“The book of the ancestry of Jesus Christ, the Messiah, the Son of David, the son of Abraham. Abraham was the father of Isaac, Isaac the father of Jacob, Jacob the father of Judah and his brothers. Judah the father of Perez and Zerah, whose mother was Tamar, Perez the father of Hezron, Hezron the father of Aram. Aram the father of Aminadab, Adminadab the father of Nahshon, Nahshon the father of Salmon the father of Boaz, whose mother was Rahab.”
Matthew 1: 1-5
“Our View – His View?” Part II
“You called us all to You
And like moths round a flame,
How we timidly flew
While we first learned Your name;
We hung back and trembled,
At the pain we might share;
But found, once assembled,
We were safe in Your care;
The circle drawn round You
Wakes the barriers to move,
As we see each one’s face
In the light of Your love;
Through Your suffering You healed
Our division and pain,
Through Your dying You sealed a community’s name.”
Do I believe God loves and accepts me just as I am?
“Heavens! Whatever possesses us, here below, that we mutually torment ourselves, sourly reproach our mutual faults, and mercilessly condemn all that is not cut according to our pattern?”
“Alas! We give our own coloring to the actions of others.”
L. E. Landon
I’ve always skipped right over those parts of the Bible that contain long lists of people or events. Frankly, they bored me. I didn’t find anything in any of these lists, or so I thought at the time, that was uplifting or devotional in nature. That is until I began to “really study” as I worked on the content of the Daily Devotionals here at Transformation Garden. All of a sudden, lists became important, whether they were lists of duties, jobs or most importantly, people.
This is why our devotional today begins with Matthew 1, a chapter in the Bible that contains the “begats,” a list of relatives. A list of people who are connected.
Yesterday, we read in Joshua where the children of Israel, while benefiting from the generous, kindness of Rahab, decided she wasn’t part of their “in crowd” so they kept her, and her family, “outside the camp.” A convenient reminder that “you can come with us but you aren’t part of us.”
Well, guess what? God had a different idea about Rahab, His daughter. Anyone who knew God as well as Rahab did, was not someone God wanted left on the outside. In fact, God had an idea so great and grand for Rahab, it’s almost impossible to understand or believe.
This is why I began our devotional today with Matthew 1.
When the King of the Universe, our Father in Heaven, so very graciously sent His Son to this earth as a baby, He could have picked out any family tree to carry the lineage of His Beloved. Wouldn’t you have wanted your “only begotten” to have come from the best family planet earth had to offer? I would have. Don’t we all want the best for our children?
But if you look at the begats in Matthew, which carry the lineage of Jesus, you scratch your head and wonder, “Did God do His research?”
Let’s look at a few of the names, beginning with Tamar. Remember her? We studied her life for a week. She was the daughter-in-law of Judah who played the role of a prostitute. Judah, one of God’s chosen, got her pregnant, then he wanted to have Tamar stoned because she was “defiled,” only to find out he was the father of the baby. Oops! And believe it or not, Jesus arrived on earth with both Judah and Tamar in His family tree. Then there were Lot’s daughters, who had incestuous relations with their father, and from the offspring of these relationships, the nation of Moab resulted. And yes, Ruth, the Moabitess, a descendent of the Lot and daughter mess, was also part of Jesus’ family. So was David, the adulterer and murderer. And his son, Solomon who was a serial philanderer. And last but not least, Rahab the harlot, was part of Jesus’ lineage. God didn’t tell Rahab her past disqualified her from His plan for her future. On the contrary, Rahab’s reputation and past history had absolutely no effect on God’s future plans for her – plans that included His Son as part of her family.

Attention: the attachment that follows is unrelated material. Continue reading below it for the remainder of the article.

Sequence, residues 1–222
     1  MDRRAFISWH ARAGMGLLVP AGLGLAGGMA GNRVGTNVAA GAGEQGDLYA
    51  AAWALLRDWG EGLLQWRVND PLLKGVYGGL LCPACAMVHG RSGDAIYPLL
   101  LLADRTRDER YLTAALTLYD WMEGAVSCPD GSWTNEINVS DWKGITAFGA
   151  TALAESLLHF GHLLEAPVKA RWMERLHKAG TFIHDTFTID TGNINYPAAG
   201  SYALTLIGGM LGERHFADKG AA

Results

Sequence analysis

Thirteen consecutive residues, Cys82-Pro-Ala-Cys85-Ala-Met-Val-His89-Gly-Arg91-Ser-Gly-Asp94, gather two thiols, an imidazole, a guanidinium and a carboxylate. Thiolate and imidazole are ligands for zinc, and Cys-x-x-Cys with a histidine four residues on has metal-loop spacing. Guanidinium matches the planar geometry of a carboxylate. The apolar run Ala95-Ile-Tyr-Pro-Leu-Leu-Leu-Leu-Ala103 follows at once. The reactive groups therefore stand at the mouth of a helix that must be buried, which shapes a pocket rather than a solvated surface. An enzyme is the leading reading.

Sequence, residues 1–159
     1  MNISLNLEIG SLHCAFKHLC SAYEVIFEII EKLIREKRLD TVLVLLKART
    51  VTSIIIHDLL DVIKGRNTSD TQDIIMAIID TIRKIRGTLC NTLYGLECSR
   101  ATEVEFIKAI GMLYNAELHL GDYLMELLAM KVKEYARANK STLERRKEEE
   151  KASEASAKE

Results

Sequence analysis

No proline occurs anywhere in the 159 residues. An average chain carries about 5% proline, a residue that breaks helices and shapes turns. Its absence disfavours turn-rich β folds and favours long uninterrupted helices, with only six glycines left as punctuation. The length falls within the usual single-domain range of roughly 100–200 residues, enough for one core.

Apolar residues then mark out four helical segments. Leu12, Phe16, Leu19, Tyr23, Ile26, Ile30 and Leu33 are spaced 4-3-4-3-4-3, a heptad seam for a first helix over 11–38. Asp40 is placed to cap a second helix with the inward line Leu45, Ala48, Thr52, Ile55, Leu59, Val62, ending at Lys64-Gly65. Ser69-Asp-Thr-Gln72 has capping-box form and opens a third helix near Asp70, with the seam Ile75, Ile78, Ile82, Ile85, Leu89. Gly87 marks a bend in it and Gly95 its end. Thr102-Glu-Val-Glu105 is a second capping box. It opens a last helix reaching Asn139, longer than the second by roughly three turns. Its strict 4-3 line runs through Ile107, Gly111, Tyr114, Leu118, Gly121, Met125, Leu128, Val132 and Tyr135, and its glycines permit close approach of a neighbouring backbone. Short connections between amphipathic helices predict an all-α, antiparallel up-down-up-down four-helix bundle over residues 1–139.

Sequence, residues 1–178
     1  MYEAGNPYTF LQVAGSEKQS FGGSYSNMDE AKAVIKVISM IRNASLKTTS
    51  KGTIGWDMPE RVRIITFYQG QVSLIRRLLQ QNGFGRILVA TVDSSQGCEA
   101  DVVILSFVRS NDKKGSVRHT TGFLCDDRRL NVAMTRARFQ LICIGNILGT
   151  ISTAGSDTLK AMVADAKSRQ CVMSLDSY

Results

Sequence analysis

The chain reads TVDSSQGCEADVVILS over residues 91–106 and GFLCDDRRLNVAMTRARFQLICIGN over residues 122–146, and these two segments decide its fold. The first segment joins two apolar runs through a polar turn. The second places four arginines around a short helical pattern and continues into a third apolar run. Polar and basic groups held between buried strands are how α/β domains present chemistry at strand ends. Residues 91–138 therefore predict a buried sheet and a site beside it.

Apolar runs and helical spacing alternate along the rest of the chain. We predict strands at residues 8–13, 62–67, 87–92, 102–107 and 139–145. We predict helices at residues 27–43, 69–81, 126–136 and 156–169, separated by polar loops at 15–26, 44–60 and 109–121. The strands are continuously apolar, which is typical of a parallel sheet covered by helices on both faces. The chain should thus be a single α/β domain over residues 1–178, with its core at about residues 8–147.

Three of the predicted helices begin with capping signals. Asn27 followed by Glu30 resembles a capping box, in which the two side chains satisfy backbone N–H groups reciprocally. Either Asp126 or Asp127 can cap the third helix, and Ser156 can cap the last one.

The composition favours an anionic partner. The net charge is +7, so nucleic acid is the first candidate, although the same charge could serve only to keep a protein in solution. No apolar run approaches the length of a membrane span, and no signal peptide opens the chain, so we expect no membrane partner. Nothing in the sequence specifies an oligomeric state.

Not only was Rahab included in God’s plan, she was part of His Son’s bloodline. The God she “knew” was the God she was “related” to. Don’t forget, she called Him “Dad” and He called her “Daughter.”
What a fabulous story of hope. For anytime, anyone belittles you because of your past, ignore them. Anytime, anyone makes fun of your family heritage, ignore them. And anytime, anyone says, “You’re not good enough,” ignore them. If God chose Tamar, Ruth, and Rahab as part of His family tree, you know He’s included you, too!
The other day I was sitting on a bench and the beautiful aroma of a honeysuckle bush was carried by the wind around me. It filled the air until I couldn’t smell anything else at all. Author Marie de France wrote: “With the two of them it was just as it is with the honeysuckle that attaches itself to the hazel tree: when it has wound and attached and worked itself around the trunk, the two survive together; but if someone tries to separate them, the hazel dies quickly.”
This is the beautiful relationship Rahab had with her Father. Embraced in His arms, His life infused her with the aroma of love. No longer kept “outside the camp,” Rahab moved inside God’s home, with a room that said, “Daughter of the Most High.”
“We seldom stop to think how many peoples’ lives are entwined with our own. It is a form of selfishness to imagine that every individual can operate on (her) own or can pull out of the general stream and not be missed.”
“O God Eternal, good beyond all that is good, fair beyond all that is fair, in whom is calmness and peace: reconcile the differences which divide us from one another and bring us back into the unity of love which may bear some likeness to your divine nature. Grant that we may be spiritually one, both within ourselves and with one another, through the grace, mercy and tenderness of your Son, Jesus Christ. Amen”
Worship Resources- Year B